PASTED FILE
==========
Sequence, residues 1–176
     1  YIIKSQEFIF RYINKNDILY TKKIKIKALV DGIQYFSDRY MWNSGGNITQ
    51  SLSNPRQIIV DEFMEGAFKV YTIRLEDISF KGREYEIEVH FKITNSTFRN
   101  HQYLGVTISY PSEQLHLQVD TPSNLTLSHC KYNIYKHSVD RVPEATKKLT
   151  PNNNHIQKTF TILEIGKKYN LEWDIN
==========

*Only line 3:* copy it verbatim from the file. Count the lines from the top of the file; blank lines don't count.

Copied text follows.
    51  SLSNPRQIIV DEFMEGAFKV YTIRLEDISF KGREYEIEVH FKITNSTFRN